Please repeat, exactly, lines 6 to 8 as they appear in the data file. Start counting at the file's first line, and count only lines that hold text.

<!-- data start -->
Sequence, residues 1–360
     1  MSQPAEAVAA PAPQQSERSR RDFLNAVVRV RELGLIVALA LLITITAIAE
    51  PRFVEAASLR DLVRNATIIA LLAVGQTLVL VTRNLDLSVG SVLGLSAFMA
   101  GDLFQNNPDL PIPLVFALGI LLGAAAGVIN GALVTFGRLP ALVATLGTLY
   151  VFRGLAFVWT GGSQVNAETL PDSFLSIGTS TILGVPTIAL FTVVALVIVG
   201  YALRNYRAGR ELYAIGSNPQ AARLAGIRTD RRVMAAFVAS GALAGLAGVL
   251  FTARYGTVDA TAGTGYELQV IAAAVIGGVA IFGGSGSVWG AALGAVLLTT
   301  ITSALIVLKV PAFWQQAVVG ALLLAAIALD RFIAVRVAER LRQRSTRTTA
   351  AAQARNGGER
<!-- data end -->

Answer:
   201  YALRNYRAGR ELYAIGSNPQ AARLAGIRTD RRVMAAFVAS GALAGLAGVL
   251  FTARYGTVDA TAGTGYELQV IAAAVIGGVA IFGGSGSVWG AALGAVLLTT
   301  ITSALIVLKV PAFWQQAVVG ALLLAAIALD RFIAVRVAER LRQRSTRTTA